Most of us know the Salvation Army from its fundraising efforts and philanthropic programs, but the $2 billion-a-year transcontinental institution, now serving more than 30 million people with a vastly underpaid and overworked staff, is also a model business structure. Under a title taken from the description applied to it by management guru Peter Drucker, The Most Effective Organization in the U.S.
outlines the fundamental tenets that the group has prospered under since its founding in the mid- to late 1800s. Written by former National Commander Robert A. Watson and freelancer Ben Brown, the book details eight principles that allow the Army to do so much with so little: focus on "a purpose that transcends quarterly earnings"; make "what you do serve human needs"; stay publicly accountable to visible standards; encourage feedback and act upon it; "invest real power and real responsibility" in top personnel; "accept the inevitability of change"; take calculated risks; and motivate employees by ensuring their jobs are both valuable and enjoyable. Some readers may not be comfortable with the organization's overt ties to Christian teachings, but few can argue with the success it consistently enjoys. --Howard Rothman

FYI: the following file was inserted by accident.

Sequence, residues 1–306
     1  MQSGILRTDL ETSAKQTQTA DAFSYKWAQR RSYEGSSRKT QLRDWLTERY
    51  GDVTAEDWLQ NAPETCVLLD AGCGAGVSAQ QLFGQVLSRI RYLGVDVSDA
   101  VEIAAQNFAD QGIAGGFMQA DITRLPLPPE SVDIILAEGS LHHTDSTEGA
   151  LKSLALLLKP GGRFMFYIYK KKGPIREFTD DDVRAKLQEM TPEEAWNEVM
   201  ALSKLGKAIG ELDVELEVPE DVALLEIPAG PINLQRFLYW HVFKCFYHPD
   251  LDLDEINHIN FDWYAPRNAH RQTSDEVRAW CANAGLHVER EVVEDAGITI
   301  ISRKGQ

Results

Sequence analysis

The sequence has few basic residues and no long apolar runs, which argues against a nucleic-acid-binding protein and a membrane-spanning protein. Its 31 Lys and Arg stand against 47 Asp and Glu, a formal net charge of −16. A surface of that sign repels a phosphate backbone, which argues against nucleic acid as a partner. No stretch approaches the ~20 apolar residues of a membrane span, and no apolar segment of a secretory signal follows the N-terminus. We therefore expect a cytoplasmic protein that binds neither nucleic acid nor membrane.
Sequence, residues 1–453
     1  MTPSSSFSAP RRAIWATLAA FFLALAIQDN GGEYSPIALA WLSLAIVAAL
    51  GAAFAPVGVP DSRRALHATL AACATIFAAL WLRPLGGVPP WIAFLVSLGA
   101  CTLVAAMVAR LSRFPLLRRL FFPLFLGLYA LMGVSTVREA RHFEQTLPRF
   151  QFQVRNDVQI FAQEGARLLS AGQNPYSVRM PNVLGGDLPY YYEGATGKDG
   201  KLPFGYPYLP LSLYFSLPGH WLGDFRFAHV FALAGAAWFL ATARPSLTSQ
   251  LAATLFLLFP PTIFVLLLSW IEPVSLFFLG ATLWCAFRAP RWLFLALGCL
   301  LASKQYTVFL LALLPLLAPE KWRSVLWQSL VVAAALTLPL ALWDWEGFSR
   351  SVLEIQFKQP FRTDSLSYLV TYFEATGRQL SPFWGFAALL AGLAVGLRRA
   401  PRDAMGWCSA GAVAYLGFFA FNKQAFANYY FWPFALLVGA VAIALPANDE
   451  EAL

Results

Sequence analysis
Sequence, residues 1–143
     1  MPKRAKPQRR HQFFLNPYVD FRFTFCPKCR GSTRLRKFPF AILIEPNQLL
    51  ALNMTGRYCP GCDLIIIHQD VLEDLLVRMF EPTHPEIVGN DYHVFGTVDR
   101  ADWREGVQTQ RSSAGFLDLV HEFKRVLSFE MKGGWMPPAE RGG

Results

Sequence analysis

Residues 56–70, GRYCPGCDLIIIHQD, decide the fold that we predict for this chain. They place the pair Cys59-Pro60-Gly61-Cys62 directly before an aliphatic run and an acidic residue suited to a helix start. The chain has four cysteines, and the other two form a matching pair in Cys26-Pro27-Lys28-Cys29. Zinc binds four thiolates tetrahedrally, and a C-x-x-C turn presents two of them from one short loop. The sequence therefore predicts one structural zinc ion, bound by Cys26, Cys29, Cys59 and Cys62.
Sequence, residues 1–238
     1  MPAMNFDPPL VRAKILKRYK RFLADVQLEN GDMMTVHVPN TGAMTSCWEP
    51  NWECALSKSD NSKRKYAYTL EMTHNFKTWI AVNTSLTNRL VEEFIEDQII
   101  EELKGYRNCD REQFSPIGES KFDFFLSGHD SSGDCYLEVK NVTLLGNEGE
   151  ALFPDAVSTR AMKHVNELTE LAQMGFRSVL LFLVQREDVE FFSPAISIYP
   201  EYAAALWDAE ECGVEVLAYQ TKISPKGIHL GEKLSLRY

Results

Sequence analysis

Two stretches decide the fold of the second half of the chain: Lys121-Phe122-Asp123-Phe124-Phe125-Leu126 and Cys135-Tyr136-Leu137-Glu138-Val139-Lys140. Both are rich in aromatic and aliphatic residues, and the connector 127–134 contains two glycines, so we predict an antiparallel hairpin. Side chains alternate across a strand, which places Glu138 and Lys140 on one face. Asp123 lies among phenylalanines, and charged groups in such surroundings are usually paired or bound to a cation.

From Publishers Weekly
A clear mission, innovative techniques, commitment, efficiency and visible outcomes are the name of the business game, and also happen to be exemplified by the Salvation Army. In "The Most Effective Organization in the U.S.": Leadership Secrets of the Salvation Army, Robert A. Watson, an officer in the Salvation Army for 44 years, and freelance writer Ben Brown mine the organizational riches of this familiar group and present them as a model for others in the nonprofit and for-profit worlds. Watson, who as a child was clothed, fed and kept busy by the Salvation Army, reveals the skills and principles he learned as an officer of a company that completes projects from top to bottom from conceiving an idea and building a site to designing the financial plan and hiring, training and inspiring employees. The organization famous for its big heart also has plenty of sense. Proceeds go to the Salvation Army.
Copyright 2001 Cahners Business Information, Inc.